CS 577 Honors - Introduction to Algorithms
This course provides an undergraduate-level introduction to the design and
analysis of algorithms.
The main focus lies on techniques for constructing correct efficient
algorithms and on tools to reason about them. Design paradigms include greed,
divide-and-conquer, dynamic programming, reductions, and the use of randomness.
A second focus point is computational intractability. NP-complete problems
are covered, as well as ways to deal with them.
The course forms a foundation for all areas of computer science. The
particular computational problems discussed have applications in
artificial intelligence, computational biology, compiler construction,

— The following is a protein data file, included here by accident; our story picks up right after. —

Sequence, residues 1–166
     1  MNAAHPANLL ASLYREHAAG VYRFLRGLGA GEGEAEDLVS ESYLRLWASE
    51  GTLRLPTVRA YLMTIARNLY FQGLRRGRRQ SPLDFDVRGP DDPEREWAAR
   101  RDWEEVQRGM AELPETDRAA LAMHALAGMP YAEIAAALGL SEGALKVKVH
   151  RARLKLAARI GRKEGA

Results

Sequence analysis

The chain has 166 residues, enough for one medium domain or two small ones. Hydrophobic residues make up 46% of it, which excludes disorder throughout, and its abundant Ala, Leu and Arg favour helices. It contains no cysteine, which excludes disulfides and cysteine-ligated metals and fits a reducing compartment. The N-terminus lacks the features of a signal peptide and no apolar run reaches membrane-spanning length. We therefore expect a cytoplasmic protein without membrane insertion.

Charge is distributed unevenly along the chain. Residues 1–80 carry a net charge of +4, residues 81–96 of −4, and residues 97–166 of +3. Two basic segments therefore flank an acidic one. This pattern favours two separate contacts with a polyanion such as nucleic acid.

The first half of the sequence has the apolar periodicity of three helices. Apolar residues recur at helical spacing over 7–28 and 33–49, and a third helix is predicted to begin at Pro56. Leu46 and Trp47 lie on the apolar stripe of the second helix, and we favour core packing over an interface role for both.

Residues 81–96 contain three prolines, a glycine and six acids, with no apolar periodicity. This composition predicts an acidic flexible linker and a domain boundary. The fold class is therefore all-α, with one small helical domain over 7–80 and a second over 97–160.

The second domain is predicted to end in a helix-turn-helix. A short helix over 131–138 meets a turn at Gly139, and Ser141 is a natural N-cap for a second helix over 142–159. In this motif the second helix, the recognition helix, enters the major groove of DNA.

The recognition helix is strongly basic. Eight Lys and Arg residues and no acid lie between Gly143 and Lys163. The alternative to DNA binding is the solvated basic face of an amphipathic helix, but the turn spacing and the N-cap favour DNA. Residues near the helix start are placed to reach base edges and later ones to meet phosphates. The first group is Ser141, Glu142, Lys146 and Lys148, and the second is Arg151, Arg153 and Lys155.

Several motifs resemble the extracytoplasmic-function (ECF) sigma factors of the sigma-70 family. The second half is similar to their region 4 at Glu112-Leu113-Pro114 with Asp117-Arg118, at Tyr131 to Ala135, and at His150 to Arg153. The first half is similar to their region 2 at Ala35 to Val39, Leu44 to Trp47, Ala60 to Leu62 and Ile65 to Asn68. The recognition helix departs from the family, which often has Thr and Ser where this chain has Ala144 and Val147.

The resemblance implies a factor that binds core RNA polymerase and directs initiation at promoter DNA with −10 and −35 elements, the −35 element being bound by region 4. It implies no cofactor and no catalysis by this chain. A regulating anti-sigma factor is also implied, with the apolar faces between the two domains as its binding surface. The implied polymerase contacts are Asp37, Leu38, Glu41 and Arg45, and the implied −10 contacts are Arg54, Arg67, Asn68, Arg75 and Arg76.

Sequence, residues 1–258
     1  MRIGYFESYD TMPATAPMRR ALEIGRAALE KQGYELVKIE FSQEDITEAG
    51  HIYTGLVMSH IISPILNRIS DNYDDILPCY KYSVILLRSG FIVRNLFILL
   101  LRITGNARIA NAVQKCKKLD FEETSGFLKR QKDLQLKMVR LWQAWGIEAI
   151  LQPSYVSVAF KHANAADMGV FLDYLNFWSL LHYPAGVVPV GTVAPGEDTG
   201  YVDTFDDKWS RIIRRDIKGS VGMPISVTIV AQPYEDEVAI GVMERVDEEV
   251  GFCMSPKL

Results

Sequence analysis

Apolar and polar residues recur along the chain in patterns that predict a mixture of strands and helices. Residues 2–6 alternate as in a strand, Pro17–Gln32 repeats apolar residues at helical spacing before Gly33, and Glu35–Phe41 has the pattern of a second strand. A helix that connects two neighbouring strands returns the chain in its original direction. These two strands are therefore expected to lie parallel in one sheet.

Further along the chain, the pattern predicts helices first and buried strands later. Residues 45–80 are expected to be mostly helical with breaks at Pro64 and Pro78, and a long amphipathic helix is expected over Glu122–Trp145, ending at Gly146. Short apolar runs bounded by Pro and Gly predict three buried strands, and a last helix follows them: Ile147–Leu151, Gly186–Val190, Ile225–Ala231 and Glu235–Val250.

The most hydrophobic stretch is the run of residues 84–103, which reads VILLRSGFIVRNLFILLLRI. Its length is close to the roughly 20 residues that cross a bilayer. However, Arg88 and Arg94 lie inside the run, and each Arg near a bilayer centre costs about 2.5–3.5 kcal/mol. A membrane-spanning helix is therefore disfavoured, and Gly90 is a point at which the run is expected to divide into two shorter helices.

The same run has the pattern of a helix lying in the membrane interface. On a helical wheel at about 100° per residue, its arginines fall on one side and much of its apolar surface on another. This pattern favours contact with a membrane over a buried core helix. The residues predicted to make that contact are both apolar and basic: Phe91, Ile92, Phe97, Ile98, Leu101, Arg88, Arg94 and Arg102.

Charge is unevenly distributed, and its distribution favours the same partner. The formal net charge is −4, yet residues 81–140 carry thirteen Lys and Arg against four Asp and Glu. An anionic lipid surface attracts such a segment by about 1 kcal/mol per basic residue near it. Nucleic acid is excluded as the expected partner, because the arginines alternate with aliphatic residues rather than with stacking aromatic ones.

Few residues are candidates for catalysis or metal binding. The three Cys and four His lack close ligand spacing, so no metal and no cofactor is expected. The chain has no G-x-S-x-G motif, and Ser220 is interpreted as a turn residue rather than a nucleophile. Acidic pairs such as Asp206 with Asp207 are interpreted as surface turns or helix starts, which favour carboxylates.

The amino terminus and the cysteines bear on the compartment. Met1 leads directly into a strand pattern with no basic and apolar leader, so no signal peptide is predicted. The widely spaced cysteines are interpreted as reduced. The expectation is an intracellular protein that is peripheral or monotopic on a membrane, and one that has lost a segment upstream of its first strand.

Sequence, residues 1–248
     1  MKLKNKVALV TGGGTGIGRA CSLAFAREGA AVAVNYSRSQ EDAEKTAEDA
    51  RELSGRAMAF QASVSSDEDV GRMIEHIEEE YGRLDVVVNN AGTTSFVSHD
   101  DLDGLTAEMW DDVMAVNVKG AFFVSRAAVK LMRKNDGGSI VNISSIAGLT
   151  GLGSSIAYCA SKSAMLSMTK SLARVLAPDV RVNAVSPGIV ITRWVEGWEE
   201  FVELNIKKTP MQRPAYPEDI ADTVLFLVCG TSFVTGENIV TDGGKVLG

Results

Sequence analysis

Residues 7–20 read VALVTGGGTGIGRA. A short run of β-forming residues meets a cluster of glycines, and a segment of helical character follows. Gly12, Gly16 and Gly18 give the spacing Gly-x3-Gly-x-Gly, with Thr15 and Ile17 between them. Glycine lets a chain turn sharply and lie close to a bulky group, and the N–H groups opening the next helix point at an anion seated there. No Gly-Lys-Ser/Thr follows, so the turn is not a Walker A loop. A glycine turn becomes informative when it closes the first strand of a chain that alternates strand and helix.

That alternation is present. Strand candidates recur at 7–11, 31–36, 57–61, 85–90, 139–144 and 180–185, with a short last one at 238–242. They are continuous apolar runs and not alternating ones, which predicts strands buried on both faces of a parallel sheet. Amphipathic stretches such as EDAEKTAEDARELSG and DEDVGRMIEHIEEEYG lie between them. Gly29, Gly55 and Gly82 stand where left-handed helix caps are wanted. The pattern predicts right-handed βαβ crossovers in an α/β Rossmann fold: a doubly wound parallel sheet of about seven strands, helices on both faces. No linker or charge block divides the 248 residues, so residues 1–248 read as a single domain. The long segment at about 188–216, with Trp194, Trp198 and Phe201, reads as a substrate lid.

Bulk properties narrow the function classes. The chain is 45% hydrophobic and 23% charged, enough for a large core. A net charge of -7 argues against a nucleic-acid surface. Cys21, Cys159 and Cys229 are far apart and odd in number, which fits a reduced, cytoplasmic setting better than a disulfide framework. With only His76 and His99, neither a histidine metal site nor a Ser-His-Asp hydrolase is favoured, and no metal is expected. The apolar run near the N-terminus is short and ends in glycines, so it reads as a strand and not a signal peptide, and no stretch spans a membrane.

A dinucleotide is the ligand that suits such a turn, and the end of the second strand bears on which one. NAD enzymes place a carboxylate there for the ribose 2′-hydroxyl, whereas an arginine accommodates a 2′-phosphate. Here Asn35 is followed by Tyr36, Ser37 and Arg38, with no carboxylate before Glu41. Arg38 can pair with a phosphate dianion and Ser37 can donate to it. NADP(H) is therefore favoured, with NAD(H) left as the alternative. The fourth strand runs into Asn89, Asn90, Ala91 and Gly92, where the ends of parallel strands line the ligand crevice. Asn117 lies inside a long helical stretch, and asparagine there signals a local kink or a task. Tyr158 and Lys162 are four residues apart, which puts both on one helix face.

hardware and network protocols, and optimization.
Jon Kleinberg and Eva Tardos, Algorithm Design, Addison-Wesley, 2006.
CS 240 (Discrete Mathematics), and CS 367 (Data Structures) are essential
A self-calibration homework will be handed out in the first lecture.
- Homework (50%).
There will be an assignment every other week. Given that this is
an honors section, expect the problems to be challenging. Some of
them will come from the
Collegiate Programming Contest.
You are allowed to discuss the problems in group but you
should write out the solutions on your own and give credit to your
No sources other than the instructor, the TA, and your fellow students
in the course are allowed.
Model solutions will be handed out during the lecture in which the
homework is due, so no late assignments can be accepted.
Midterm (20%) on T 3/22 and R 3/24 in class.
Final (30%) on N 5/8, 7:45-9:45am.
Both exams are closed book and closed notes.
The following book is on reserve in Wendt library:
- T. Cormen, C. Leiserson, R. Rivest, and C. Stein,
Introduction to Algorithms, 3rd edition, 2009.